The Regular Tenure Track exists for those faculty members who primarily strive to achieve sustained excellence in the discovery and dissemination of new knowledge, as demonstrated by national and international recognition of their scholarship and successful competition for extramural funding such as that provided by the National Institutes of Health (NIH). While many faculty members on this track will engage in the scholarship of discovery through bench research, this track is also available to faculty members who develop clinical and translational research programs. Although excellence in teaching and outstanding service to Ohio State is required, these alone are not sufficient for progress on this track.
Promotion to Associate Professor on the Regular Tenure Track is awarded for having developed a national level of recognition and impact in one’s field of study. This is generally assessed through the evaluation of the quality and quantity of an individual’s scholarship, and most importantly, through the impact that it has had on the field. Impact is assessed by evaluating numerous data points including citation data, journal impact factors, invitations to present one’s work, journal reviews and editorships, and study section participation, among other variables. Funding to support one’s research program is required as evidence of sustainability of the research program, and is typically required to be from the NIH or another comparable federal source.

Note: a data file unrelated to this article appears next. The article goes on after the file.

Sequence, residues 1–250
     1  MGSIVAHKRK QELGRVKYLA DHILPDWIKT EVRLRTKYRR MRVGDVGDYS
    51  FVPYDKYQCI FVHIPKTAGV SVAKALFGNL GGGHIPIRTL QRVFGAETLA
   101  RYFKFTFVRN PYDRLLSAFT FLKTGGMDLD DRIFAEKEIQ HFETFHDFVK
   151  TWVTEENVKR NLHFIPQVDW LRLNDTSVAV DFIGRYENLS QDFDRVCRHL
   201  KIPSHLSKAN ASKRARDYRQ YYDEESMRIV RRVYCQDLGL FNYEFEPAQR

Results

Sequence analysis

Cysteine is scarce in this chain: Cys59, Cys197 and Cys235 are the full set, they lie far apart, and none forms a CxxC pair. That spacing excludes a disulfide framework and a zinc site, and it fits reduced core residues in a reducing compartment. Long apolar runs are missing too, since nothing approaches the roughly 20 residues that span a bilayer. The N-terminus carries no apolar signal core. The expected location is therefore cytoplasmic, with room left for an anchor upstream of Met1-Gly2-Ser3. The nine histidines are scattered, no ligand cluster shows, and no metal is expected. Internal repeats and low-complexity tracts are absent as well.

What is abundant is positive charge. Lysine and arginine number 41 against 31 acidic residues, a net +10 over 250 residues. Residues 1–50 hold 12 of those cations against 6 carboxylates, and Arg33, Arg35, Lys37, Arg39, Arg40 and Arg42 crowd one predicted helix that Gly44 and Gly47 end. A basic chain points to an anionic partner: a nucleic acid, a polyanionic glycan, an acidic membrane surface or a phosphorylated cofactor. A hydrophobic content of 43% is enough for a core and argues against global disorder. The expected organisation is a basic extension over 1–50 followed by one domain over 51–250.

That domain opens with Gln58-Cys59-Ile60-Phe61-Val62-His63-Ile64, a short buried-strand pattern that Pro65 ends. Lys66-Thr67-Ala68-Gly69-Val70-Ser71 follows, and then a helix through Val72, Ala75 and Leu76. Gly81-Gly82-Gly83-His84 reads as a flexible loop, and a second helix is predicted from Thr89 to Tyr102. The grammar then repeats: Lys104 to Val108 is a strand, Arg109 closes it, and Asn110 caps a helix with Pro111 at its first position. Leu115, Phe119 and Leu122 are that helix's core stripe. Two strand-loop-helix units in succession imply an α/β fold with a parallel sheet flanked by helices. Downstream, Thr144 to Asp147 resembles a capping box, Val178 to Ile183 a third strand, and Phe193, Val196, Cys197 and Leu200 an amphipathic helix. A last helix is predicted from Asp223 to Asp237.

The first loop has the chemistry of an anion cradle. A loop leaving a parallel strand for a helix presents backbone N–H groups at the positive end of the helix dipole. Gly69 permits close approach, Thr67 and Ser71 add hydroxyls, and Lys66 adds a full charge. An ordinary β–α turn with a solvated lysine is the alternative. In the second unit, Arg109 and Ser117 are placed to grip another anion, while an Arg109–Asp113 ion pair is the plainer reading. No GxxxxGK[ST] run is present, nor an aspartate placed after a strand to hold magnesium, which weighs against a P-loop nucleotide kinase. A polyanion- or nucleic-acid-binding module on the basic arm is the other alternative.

The titles of faculty members on the regular tenure track are: Instructor, Assistant Professor, Associate Professor and Professor.
Faculty who are appointed at the rank of assistant professor have a probationary period. The duration of this probationary period depends on whether or not the faculty member has patient care responsibilities. Faculty members with patient care responsibilities have a maximum eleven-year probationary period whereas those who do not have patient care responsibilities have a maximum six-year probationary period. It is important to appreciate that these are maximum periods, and there is no minimum number of years of service required before a faculty member may be considered for promotion. In addition to the standard probationary period, faculty members on the tenure track have the ability to exclude time from the probationary period (i.e. “stop the clock”) for specific reasons including birth or adoption of a child, or for reasons outside the faculty member’s control which prevent them from pursuing their faculty responsibilities. In general, a maximum of three years may be excluded from the probationary period. Further details of this policy can be found in the College Appointment, Promotion, and Tenure document (link) or in the University’s Faculty Handbook (link).
Ordinarily promotion to the rank of associate professor and the award of tenure are linked. However, the College has recognized the value of recognizing the accomplishments of faculty members as they work towards tenure, and we therefore have the ability to consider a faculty member for promotion to associate professor independent of the award of tenure. When this occurs for faculty with an 11-year probationary period, the subsequent consideration for tenure must occur no later than six years after promotion to associate professor.